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Emerald Cities: Urban Sustainability and Economic Development

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  • Fitzgerald, Joan

    (Northeastern University)

Abstract

Here is a refreshing look at how American cities are leading the way toward greener, cleaner, and more sustainable forms of economic development. In Emerald Cities, Joan Fitzgerald shows how in the absence of a comprehensive national policy, cities like Chicago, New York, Portland, San Francisco, and Seattle have taken the lead in addressing the interrelated environmental problems of global warming, pollution, energy dependence, and social justice. Cities are major sources of pollution but because of their population density, reliance on public transportation, and other factors, Fitzgerald argues that they are uniquely suited to promote and benefit from green economic development. For cities facing worsening budget constraints, investing in high-paying green jobs in renewable energy technology, construction, manufacturing, recycling, and other fields will solve two problems at once, sparking economic growth while at the same time dramatically improving quality of life. Fitzgerald also examines how investing in green research and technology may help to revitalize older industrial cities and offers examples of cities that don't make the top-ten green lists such as Toledo and Cleveland, Ohio and Syracuse, New York. And for cities wishing to emulate those already engaged in developing greener economic practices, Fitzgerald shows which strategies will be most effective according to each city's size, economic history, geography, and other unique circumstances. But cities cannot act alone, and Fitzgerald analyzes the role of state and national government policy in helping cities create the next wave of clean technology growth. Lucid, forward-looking, and guided by a level-headed optimism that clearly distinguishes between genuine progress and exaggerated claims, Emerald Cities points the way toward a sustainable future for the American city.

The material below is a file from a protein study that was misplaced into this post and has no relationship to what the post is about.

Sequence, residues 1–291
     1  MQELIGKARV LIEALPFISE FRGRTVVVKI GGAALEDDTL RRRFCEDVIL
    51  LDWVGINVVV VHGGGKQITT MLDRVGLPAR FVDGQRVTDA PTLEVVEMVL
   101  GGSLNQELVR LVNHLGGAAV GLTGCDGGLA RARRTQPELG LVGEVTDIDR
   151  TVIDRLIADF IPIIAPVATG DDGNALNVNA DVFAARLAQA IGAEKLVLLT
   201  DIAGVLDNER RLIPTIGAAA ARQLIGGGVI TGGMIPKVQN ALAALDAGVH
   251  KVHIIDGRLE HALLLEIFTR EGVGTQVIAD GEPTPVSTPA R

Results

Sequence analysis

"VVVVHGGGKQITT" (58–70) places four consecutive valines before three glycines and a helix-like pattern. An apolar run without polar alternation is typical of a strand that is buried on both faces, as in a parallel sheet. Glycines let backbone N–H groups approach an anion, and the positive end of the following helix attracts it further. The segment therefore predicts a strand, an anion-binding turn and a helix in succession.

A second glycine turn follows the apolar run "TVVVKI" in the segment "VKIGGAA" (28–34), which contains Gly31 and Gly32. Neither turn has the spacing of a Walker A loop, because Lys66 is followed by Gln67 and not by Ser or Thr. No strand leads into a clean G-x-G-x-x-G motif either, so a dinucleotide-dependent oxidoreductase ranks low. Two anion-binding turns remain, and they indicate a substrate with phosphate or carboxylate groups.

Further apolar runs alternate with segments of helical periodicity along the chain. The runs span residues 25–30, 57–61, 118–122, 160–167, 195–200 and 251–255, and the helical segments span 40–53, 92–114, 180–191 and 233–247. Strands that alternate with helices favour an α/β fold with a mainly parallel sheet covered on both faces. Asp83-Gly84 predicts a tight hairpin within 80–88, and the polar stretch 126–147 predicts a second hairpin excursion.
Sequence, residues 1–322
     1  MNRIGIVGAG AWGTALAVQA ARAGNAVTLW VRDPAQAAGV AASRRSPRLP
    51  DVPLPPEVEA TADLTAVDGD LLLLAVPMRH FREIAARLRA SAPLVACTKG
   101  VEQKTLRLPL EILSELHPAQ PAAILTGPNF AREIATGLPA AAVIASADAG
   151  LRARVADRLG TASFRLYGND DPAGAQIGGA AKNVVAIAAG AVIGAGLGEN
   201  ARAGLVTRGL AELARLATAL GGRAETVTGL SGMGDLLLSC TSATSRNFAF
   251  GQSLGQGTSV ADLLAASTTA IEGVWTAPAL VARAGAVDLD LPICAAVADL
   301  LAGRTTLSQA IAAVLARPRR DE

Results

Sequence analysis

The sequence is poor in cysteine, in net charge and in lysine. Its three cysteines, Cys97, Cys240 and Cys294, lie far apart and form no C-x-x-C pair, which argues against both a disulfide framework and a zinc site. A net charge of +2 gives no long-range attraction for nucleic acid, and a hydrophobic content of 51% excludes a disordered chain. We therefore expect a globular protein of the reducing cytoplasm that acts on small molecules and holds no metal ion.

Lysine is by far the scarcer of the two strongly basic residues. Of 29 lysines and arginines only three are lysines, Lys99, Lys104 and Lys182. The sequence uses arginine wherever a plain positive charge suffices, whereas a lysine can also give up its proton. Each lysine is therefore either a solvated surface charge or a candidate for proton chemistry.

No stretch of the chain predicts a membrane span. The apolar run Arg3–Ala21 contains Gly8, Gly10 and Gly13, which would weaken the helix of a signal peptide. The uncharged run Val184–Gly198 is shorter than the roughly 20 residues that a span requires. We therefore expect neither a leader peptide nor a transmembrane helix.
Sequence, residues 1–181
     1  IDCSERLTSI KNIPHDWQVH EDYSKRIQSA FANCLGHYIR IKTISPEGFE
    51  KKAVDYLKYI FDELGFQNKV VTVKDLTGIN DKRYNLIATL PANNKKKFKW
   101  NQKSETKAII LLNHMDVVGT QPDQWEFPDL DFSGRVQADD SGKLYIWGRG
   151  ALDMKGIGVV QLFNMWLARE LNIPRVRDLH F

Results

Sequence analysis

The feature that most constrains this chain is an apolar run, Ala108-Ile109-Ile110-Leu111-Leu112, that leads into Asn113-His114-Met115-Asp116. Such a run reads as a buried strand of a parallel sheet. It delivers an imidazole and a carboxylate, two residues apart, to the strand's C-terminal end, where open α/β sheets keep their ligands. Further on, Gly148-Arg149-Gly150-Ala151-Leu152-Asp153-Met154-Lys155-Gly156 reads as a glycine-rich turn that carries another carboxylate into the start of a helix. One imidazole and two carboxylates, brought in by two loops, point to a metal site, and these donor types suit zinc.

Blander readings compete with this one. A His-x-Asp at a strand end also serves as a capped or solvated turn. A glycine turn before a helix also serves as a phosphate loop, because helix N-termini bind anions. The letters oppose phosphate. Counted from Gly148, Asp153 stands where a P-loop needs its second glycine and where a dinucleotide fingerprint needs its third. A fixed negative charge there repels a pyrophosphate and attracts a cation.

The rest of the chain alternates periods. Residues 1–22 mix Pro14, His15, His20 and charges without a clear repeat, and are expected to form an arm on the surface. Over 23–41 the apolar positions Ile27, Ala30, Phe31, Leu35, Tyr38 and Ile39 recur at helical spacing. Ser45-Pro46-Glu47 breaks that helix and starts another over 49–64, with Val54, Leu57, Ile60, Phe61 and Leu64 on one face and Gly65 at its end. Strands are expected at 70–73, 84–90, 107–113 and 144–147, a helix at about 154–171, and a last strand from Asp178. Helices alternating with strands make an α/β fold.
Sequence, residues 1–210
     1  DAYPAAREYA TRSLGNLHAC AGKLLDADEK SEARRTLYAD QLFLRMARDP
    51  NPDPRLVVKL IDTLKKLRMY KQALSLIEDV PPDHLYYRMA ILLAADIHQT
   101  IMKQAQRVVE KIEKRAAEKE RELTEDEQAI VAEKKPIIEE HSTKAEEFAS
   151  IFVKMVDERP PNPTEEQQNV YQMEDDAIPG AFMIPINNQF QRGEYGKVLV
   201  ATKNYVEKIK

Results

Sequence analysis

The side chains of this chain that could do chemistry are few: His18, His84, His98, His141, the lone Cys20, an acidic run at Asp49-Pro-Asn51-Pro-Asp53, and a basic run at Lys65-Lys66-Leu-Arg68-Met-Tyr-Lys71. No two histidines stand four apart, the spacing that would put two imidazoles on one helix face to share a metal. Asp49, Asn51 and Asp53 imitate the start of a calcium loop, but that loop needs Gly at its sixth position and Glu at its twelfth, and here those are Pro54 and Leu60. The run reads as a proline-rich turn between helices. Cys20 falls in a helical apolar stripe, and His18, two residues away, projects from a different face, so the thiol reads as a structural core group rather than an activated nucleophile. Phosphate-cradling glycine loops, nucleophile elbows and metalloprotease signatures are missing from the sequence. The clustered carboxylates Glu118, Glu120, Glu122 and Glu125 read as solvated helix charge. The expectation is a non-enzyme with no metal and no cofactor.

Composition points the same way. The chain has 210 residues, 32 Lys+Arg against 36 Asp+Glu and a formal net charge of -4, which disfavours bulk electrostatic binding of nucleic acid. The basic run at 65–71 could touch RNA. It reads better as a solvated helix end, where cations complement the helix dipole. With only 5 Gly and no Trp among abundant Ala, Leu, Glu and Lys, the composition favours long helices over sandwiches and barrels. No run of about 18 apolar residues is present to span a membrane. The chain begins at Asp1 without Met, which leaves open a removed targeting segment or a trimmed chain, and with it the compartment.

Suggested Citation

  • Fitzgerald, Joan, 2010. "Emerald Cities: Urban Sustainability and Economic Development," OUP Catalogue, Oxford University Press, number 9780195382761.
  • Handle: RePEc:oxp:obooks:9780195382761
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    Cited by:

    1. repec:taf:apeclt:v:23:y:2016:i:12:p:875-879 is not listed on IDEAS
    2. Isabelle Anguelovski, 2015. "Healthy Food Stores, Greenlining and Food Gentrification: Contesting New Forms of Privilege, Displacement and Locally Unwanted Land Uses in Racially Mixed Neighborhoods," International Journal of Urban and Regional Research, Wiley Blackwell, vol. 39(6), pages 1209-1230, November.
    3. repec:eee:rensus:v:79:y:2017:i:c:p:339-346 is not listed on IDEAS
    4. Brookshire, Daniel & Kaza, Nikhil, 2013. "Planning for seven generations: Energy planning of American Indian tribes," Energy Policy, Elsevier, vol. 62(C), pages 1506-1514.
    5. I-Chun Catherine Chang & Eric Sheppard, 2013. "China's Eco-Cities as Variegated-super-1 Urban Sustainability: Dongtan Eco-City and Chongming Eco-Island," Journal of Urban Technology, Taylor & Francis Journals, vol. 20(1), pages 57-75, January.
    6. Richard Smardon, 2016. "Worldwatch Institute: can a city be sustainable?," Journal of Environmental Studies and Sciences, Springer;Association of Environmental Studies and Sciences, vol. 6(4), pages 733-734, December.
    7. Yi, Hongtao, 2013. "Clean energy policies and green jobs: An evaluation of green jobs in U.S. metropolitan areas," Energy Policy, Elsevier, vol. 56(C), pages 644-652.

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